COP28: UAE to cut 93% of industrial carbon emissions by 2050
Dubai: The UAE on Tuesday at COP28 announced the launch of the Industrial Decarbonisation Roadmap with the aim of reducing industrial carbon emissions by 2.9 gigatonnes cumulatively – a 93 per cent reduction – by 2050.
Focusing on manufacturing and hard-to-abate sectors, including cement, iron, steel and aluminium, the strategic initiative reflects the country’s commitment to climate action and achieving sustainability goals.
The Ministry of Industry and Advanced Technology built the roadmap alongside strategic partners in the government and private sectors. It was created in line with the UAE’s Net Zero 2050 by strategic initiative, as well as the UAE’s third update of the Nationally Determined Contribution (NDC) under the Paris Climate Agreement and the UN Framework Convention on Climate Change.
Sarah bint Yousef Al Amiri, Minister of State for Public Education and Advanced Technology, said: “For three decades, the UAE under the vision of its leadership has been a global leader in climate action. The country was the first in the region to sign the Paris Agreement, and the first to announce a strategic initiative to achieve net zero by 2050. COP28 represents a continuation of our efforts to achieve a phased energy transition of all sectors.”
She continued: “This roadmap was launched in line with the UAE’s commitment to reducing carbon emissions as well as the ministry’s strategy to stimulate sustainable industrial development. The launch of this initiative is the result of integrated efforts by the ministry and its strategic partners. It was made possible by conducting a national study of the industrial sector. It is also the result of a national vision to stimulate the adoption of advanced technologies and sustainable best practices across industry.”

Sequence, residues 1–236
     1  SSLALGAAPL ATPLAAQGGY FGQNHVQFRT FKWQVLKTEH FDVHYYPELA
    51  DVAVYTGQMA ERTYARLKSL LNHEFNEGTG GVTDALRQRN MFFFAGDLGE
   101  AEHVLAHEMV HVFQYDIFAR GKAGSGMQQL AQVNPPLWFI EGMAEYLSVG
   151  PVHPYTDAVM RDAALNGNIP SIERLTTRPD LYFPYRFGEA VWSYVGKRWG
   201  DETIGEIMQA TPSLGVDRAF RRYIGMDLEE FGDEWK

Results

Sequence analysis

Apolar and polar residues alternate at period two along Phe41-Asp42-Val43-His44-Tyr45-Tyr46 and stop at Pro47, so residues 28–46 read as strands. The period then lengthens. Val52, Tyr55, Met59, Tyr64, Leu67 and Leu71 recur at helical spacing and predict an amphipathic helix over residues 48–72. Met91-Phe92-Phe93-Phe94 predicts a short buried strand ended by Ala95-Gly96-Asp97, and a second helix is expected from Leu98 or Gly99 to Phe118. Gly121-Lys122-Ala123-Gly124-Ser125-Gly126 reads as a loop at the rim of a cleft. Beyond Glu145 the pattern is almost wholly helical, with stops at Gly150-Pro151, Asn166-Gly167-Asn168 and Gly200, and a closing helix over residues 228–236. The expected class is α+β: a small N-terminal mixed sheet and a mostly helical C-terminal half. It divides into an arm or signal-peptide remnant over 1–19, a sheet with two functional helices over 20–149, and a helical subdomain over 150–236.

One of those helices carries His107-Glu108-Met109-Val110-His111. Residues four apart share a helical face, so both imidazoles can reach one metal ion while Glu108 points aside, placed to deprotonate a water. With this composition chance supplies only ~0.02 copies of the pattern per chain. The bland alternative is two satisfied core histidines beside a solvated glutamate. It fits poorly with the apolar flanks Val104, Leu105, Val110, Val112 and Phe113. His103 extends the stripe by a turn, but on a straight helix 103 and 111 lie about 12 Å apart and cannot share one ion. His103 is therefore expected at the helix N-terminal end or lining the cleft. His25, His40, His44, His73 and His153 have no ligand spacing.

Al Amiri added: “The roadmap focuses on the development and adoption of advanced technology to drive a phased carbon reduction of 93 percent by 2050 across the national industrial sector. It includes a set of pathways around monitoring and addressing challenges as well as developing and adopting the latest technologies. It also focuses on promoting the competitiveness and development of the national industrial sector.”
The roadmap comprises three phases. The first aims to reduce emissions by five per cent by 2030, while the second targets a 63 per cent reduction by 2040. Through the scaling and decreasing cost of technologies, emissions reduction is expected to reach 93 per cent by 2050.
The ministry and its partners have examined and evaluated the feasibility of more than 50 advanced technologies and innovative solutions. These include clean electricity, carbon capture, utilisation and storage (CCUS), manufacturing efficiency, alternative fuels, recycling, clinker substitutes, and hydrogen.
Within the roadmap, there are separate decarbonisation timelines for different hard-to-abate sectors, including iron, steel, aluminium, cement, and petrochemicals. Various technologies are mapped against the different industries, based on how much each solution could contribute to decarbonization in that particular sector.
The roadmap indicates that CCUS, clean electricity and efficiency enhancements alone could be responsible for a 70 per cent carbon reduction by 2050, with the remaining 23 perc ent made up by other solutions. The action plan set out in the roadmap will cut 90 million tonnes of carbon dioxide annually. Clean electricity alone could contribute to 41 per cent of the targeted reduction by 2050.